College of Music Program Book 2011-2012: Student Performances, Volume 2 Page: 15
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PROGRAM NOTES (cont'd)
Simultaneously a Russian Romantic traditionalist and a modernist, Sergey Prokofiev
(1891-1953) had a comfortable childhood and entered the St. Petersburg Conservatory
at the age of twelve. Like many artists, he left Russia after the Revolution; unlike
many, however, he decided to return, doing so nearly twenty years later just at
the time that socialist realism was taking hold. He maintained his compositional
individuality surprisingly well despite the artistic restrictions of the time and the great
care he had to take to conform. He retained a certain amount of freedom because
he did not join the Communist Party, hold a teaching post, or become involved in
cultural politics, allowing him to avoid the Soviet cultural policy until his works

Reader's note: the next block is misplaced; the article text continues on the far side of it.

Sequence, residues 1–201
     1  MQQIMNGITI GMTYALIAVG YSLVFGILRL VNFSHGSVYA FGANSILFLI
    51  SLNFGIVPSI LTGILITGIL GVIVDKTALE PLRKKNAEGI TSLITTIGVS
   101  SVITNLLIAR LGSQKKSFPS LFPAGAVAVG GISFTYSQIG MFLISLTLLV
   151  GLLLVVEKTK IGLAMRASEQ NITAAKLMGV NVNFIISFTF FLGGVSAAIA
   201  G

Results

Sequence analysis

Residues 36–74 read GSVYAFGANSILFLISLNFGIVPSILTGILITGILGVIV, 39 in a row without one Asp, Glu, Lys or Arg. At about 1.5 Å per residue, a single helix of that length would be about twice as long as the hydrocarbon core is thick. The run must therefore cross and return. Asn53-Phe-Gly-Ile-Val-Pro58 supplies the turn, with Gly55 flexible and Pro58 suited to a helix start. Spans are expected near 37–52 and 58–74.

were condemned in 1948. He died in 1953 on the same day as Stalin.
The Sonata in D Major Op. 94 exists in two versions as it was written in 1943 for
flute and piano and arranged for violin and piano in 1944 at the insistence of David
Oistrakh, Prokofiev's friend and a leading interpreter of his music. During World
War II Prokofiev's creative work was clearly divided into two categories: propaganda
music in relation to wartime events and chamber music such as this piece.
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University of North Texas. College of Music. College of Music Program Book 2011-2012: Student Performances, Volume 2, book, 2012; Denton, Texas. (digital.library.unt.edu/ark:/67531/metadc114727/m1/15/: accessed June 27, 2017), University of North Texas Libraries, Digital Library, digital.library.unt.edu; crediting UNT Music Library.